How to Improve your Running and Pullups (or anything else for that matter)

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My Sensei (Karate Instructor) taught me one important thing: if you want to get better at front kicks, then do a lot of front kicks! In other words, practice makes perfect.

A really great approach to program design is to create workouts that revolve around your goals. Simple enough? But not enough people do this. They get caught up with all the other hoopla and nonsense that surrounds health and performance improvement.

For example, if you want to improve your running, then why not just go out for a run? Depending on your goals, you may want to perform a few timed trials per week, or distance runs. Throw in a few power cleans and snatches, some sprinting, and walla! You’ve got yourself a program.

Same things for pullups. People think they need to hit their back harder in the gym, or they start isolating their shoulders…etc. etc. etc. No, just get up on the bar and pull your body up to it. Rinse, and repeat! One of the best pullup programs out there is the Armstrong pull up program, because it actually revolves around doing pullups.

Ok, so what about people who are doing pullups and running, but still do not see much improvement? Well, then it’s time to start looking at other things – other weaknesses. Maybe your biceps are too week, or your hamstrings are too tight.

For more great Bodyweight Exercises and Training Techniques, check out Bodyweight Blueprint for Fat Loss. Click here for more information.

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4 Responses to How to Improve your Running and Pullups (or anything else for that matter)

  1. Chris Potter says:

    The Armstrong program is great, I highly recommend it. I used it for about 2 months and increased my chin ups from about 4 to 15 gaining a little more than 1 chin up per week. Then I switched to a weight routine for about 2 months and gained only a couple more in about the same amount of time. The weight routine was good for my overall strength, but not as good for increasing pull ups.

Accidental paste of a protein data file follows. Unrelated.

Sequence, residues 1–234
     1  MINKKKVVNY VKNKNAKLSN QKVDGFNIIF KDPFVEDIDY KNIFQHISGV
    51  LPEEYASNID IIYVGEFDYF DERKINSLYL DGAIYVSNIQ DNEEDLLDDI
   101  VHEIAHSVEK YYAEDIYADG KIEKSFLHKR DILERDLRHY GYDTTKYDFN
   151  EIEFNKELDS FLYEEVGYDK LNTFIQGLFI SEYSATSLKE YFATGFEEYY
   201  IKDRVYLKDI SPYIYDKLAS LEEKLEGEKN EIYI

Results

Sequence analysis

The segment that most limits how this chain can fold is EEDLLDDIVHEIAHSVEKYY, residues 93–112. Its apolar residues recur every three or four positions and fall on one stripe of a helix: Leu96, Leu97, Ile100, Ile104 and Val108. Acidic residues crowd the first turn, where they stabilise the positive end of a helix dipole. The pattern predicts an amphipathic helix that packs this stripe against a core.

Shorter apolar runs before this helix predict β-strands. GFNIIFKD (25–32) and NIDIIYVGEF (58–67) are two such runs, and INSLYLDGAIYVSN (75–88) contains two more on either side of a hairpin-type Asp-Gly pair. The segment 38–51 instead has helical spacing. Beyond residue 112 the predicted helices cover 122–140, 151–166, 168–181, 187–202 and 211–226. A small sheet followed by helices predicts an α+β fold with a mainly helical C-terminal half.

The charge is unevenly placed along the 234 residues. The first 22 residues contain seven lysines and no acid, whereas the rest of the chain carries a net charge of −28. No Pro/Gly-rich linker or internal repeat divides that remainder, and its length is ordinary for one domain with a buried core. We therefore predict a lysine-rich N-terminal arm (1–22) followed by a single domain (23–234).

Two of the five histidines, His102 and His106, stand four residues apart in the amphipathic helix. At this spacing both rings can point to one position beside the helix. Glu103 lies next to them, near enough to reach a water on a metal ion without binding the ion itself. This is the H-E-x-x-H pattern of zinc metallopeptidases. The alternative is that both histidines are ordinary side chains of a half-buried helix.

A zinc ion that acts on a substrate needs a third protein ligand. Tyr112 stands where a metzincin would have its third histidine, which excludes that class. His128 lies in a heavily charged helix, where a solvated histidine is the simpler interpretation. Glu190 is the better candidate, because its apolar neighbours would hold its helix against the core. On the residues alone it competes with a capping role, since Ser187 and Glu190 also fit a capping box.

I’m going to start a routine with some kind of combination of Armstrong and your Bodyweight Workout Manual. I really appreciate your guidelines for creating high intensity workouts, and I’m looking forward to trying your push-up and pull-up variations. My goal is to get 20 good form wide-grip pull-ups within the next 8-10 weeks (I’m at about 12 right now). Thank you Parth, for all of your generous advice.

  2. Parth says:

    Chris, keep me posted!

  3. Great advice Parth. As you rightly say “practice does make perfect”. I read a similar post on the Fitness Black Book (http://www.fitnessblackbook.com/) which applied this logic to weight lifting. In the post Rusty said that a lot of people fail to make progress on resistance training programs because they don’t stick to the same exercises – they’re changing their workout every week. Whilst change is good, Rusty suggests that you should keep some lifts as a standard part of your resistance training routine e.g. mix your chest workout up but always include bench press. Why? Because “practice makes perfect” and allows you to build strength and muscle. If there’s no consistency it’s a lot harder to improve.

  4. Parth says:

    Tom – Thats true. I’m all for mixing things up, but you should always stick to some core lifts. How else will you measure progress?

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